Choosing the best Yoga classes on Koh Tao
Koh Tao is a great location to start Yoga as a beginner or maintain your current level of experience. The island offers a blend of international instructors who specialise in specific disciplines and who can advise you on the best choices to make.
On Koh Tao, you will find that classes can be conducted indoors, in semi covered locations or outdoors on the beach against a stunning backdrop of white sand, clear blue sea and lush tropical jungle.
Frequently Asked Questions
Can I learn Yoga on Koh Tao?
There are several well established Yoga centres on Koh Tao offering a range of Yoga classes for beginners and those who are more experienced. Yoga styles taught include Restorative, Hatha, dynamic and physical Vinyasa flow sessions, Yin and Yin Yang as well as advanced Yoga practice. Yoga workshops are also available including Sadhana, Marma therapy, Pranayama, Shatkarmas as well as meditation and Yoga for freediving. Yoga instructor courses are also conducted on Koh Tao at times.
Which type of Yoga is best for me?
Hatha yoga is slow paced, focusing on breathing, body postures, poses and meditation. It is ideal for beginners and is how most styles of yoga evolved from.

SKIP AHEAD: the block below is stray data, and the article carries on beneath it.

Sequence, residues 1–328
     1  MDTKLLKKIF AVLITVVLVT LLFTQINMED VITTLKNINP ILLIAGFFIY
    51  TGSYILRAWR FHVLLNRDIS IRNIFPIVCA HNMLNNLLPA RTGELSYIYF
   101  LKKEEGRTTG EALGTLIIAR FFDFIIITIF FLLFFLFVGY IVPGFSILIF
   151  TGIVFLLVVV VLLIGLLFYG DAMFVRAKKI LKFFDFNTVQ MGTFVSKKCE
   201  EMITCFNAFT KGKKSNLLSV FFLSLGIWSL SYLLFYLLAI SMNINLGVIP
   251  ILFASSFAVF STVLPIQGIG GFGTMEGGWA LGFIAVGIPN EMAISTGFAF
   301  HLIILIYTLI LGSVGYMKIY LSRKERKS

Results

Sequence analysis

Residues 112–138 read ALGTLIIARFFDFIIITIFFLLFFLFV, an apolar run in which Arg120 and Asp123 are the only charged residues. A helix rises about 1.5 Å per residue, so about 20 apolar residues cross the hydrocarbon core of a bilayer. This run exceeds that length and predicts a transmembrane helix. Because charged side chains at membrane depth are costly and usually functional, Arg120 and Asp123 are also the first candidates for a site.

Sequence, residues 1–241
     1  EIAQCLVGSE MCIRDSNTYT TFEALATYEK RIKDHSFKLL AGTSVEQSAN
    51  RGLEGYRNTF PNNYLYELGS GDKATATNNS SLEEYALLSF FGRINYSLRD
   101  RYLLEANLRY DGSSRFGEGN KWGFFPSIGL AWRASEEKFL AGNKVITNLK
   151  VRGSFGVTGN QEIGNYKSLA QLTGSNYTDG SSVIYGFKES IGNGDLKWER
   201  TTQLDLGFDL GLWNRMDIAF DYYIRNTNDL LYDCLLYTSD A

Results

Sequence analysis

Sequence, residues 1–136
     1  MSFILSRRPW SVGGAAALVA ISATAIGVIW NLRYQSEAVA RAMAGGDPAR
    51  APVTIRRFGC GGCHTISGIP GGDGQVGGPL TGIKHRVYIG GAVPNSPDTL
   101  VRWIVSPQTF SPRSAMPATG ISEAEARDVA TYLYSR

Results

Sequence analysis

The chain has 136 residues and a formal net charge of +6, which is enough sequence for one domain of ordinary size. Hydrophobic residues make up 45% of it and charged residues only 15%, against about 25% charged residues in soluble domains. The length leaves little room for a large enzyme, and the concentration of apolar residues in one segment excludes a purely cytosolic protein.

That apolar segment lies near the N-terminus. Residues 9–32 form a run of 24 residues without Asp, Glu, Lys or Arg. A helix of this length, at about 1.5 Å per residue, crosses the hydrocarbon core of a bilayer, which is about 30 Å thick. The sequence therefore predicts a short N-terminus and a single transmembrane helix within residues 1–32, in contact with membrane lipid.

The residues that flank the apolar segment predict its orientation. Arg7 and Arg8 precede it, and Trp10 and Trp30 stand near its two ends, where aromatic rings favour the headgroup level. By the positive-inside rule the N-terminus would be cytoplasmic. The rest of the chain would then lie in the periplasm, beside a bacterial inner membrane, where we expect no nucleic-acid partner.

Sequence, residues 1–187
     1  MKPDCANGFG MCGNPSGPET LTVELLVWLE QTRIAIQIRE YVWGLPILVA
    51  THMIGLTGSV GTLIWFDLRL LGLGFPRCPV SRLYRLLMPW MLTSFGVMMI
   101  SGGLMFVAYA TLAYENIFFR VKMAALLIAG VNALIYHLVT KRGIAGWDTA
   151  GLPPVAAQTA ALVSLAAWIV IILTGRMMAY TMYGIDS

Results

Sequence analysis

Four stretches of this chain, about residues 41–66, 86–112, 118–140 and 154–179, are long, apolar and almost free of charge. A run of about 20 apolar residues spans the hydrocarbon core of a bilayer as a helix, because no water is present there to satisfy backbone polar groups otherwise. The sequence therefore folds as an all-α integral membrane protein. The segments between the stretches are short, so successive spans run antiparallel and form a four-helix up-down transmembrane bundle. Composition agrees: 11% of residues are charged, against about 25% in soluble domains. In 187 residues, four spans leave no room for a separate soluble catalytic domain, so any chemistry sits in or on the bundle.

How much does Yoga cost on Koh Tao?
Yoga class costs vary from centre to centre, however, you can expect to pay 300baht for a class, between 1000 – 1375baht for a 5 class pass and 1500baht for a weekly unlimited pass. 10 class passes are priced at 2500 with monthly passes priced between 3000 – 3500baht per person. Private classes are available on request.
How do I find the best Yoga Classes on Koh Tao?
The best option is to visit the Yoga centres on Koh Tao and talk with them personally. After discussing your needs, you will be able to determine what types of class meet with your requirements.
What type of Yoga is best for beginners?
Hatha is a great type of Yoga to start with for beginners and is offered at most Yoga centres on Koh Tao. Under instructor guidance, you can work on your breathing and explore holding postures with the objective being to leave the class feeling loose, longer and more centred in body, mind and spirit.